Cruises don't have to be "mega." They can feature kite-flying from the deck, a Saturday-night fish fry in a church basement, bagpipe music drifting across a fog-shrouded harbor―and Fairly Honest Bob.
The three diminutive ships of American Cruise Lines― American Eagle, American Spirit, and American Glory―carry no more than 100 passengers apiece. They poke along the Atlantic coast, slipping into historic, sleepy ports and letting passengers explore the quirks of these salty towns.
For example, on the first evening of a weeklong "Maine Coast & Harbor" cruise, a visitor wanders along Main Street in the village of Bucksport, where the Penobscot River widens into Penobscot Bay. Concentrating on his ice cream cone, he almost stumbles over a sign in the middle of the sidewalk. It reads "Haddock Fry."
The sign points up the hill. There, the Knights of Columbus are putting on a supper in the basement of St. Vincent dePaul Catholic Church, which smells deliciously of fried fish. Seven dollars buys two fresh pieces of haddock, plus mashed potatoes, slaw, a roll, an orange drink or coffee, and a chocolate cupcake. Neighbors catch up on the week's news. Children scurry among the tables. Somewhere, Norman Rockwell is smiling.
So it goes all week, as American Eagle threads its way among the many islands and lighthouses dotting the mid-Maine coast. The journey starts and ends on the Penobscot River in Bangor, pausing in Bar Harbor, Bucksport, Rockland, Camden, Castine, and Belfast. The comfortable, if not luxurious, ship provides such low-key entertainment as kite-flying and cocktails on the open top deck.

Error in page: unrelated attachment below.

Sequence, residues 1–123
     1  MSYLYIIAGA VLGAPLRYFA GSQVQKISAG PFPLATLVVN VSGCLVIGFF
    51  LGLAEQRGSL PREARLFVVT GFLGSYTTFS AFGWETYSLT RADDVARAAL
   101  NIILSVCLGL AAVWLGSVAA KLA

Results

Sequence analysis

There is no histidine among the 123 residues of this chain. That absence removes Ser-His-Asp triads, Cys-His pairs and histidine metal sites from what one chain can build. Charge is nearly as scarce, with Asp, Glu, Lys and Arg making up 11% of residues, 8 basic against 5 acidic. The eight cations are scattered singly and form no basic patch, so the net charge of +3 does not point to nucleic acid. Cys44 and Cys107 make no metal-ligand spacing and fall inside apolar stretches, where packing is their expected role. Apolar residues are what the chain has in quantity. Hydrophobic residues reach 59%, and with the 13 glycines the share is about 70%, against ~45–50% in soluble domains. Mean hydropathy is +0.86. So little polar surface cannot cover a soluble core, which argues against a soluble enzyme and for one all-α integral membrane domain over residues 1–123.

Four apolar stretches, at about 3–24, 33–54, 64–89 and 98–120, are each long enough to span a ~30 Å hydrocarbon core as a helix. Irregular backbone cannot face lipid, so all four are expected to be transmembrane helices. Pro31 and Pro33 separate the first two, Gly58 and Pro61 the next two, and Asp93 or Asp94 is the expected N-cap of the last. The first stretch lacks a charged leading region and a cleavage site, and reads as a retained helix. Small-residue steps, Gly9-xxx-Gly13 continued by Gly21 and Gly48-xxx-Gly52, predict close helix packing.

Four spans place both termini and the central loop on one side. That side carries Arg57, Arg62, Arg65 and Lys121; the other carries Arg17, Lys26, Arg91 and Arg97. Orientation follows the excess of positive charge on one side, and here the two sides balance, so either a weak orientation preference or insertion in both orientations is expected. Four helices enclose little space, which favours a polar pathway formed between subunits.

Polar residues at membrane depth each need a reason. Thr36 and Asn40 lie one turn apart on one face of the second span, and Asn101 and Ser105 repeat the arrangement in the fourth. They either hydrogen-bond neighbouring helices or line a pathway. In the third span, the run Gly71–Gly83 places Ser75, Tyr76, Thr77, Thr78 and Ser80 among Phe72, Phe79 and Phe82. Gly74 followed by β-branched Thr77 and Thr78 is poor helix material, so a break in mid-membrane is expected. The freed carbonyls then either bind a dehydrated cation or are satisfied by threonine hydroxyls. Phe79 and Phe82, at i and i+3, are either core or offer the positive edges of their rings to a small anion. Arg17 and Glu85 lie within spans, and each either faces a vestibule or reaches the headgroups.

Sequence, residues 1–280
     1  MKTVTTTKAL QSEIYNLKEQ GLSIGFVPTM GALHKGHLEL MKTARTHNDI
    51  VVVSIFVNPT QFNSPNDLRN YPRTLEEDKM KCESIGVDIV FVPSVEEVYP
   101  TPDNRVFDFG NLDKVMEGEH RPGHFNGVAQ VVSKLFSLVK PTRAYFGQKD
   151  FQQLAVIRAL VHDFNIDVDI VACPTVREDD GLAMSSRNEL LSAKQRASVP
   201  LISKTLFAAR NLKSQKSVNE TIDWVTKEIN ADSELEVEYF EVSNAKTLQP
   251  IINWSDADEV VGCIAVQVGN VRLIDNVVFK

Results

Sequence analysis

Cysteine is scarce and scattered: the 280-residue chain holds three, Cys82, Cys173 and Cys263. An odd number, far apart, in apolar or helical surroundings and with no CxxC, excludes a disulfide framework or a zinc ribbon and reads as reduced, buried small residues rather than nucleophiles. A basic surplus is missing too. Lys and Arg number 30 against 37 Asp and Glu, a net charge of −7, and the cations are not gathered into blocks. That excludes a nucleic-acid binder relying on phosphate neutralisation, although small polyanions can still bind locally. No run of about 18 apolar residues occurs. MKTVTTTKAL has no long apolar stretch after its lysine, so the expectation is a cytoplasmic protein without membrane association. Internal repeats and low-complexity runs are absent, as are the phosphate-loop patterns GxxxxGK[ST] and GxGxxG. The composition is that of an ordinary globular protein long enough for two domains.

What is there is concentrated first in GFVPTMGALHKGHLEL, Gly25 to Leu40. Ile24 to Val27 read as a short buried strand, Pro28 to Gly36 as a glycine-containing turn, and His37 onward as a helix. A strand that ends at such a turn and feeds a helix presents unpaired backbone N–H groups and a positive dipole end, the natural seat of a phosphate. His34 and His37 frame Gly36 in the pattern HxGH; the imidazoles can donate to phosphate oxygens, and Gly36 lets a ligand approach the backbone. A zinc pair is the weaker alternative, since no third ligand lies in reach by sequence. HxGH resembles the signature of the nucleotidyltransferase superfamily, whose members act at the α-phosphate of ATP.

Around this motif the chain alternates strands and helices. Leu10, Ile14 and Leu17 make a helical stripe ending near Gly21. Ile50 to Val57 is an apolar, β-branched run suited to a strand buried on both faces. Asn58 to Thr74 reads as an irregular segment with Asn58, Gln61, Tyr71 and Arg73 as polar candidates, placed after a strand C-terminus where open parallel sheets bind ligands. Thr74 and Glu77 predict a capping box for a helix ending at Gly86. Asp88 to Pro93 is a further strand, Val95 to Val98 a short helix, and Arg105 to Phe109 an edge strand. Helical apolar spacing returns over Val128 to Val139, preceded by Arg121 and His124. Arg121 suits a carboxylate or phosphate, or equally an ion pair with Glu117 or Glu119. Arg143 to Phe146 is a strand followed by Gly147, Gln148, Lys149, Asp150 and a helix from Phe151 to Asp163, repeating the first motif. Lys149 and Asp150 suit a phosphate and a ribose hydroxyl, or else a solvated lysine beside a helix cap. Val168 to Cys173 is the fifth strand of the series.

The young crew seems extraordinarily eager to please. Passenger Bob Hollenbeck, a genial jokester who calls himself "Fairly Honest Bob" in honor of his former career as a New Jersey state assemblyman, tells of one dinner early in the trip. The servers offered chocolate, vanilla, and strawberry ice cream for dessert. "I said, 'What, no pistachio?'" Bob recalls. "Just kidding around, you know? Well, they went out and bought some pistachio ice cream and had it for me the next night."
Lunch and dinner offer two choices of entrées. Each night, Joe Uricchio, a doctor from the Orlando area, politely asks if he might have something else instead: lobster. Each night, he gets it.
Joe and his wife, Pauli, are celebrating their 26th anniversary along with Pauli's parents, Ivan and Margaret Stilp, who are celebrating their 58th. Pauli gushes over the scenery and the sunsets. "The sky is so beautiful here," she says. "Even the texture of the clouds is different."
The same could be said for the texture of each port. At dusk, wistful bagpipe music floats through thick fog from a boat anchored off the rocky Bar Harbor waterfront. Strolling couples pause to listen.
In quiet Castine, grand houses built by ship captains have eased into comfortable retirement as seldom-used but impeccably maintained vacation homes. The town yields the best treat of the entire week: an overflowing double handful of a lobster roll from Castine Variety.
Belfast enchants photographer Kindra Clineff, who remembers its struggles after the collapse of the local poultry industry a few years ago. Now, fashionable shops occupy the 19th-century brick buildings along Main Street. "It's like a mini-Portland," Kindra says. "It's a Portland that you can walk around." She's right. Just ask Fairly Honest Bob.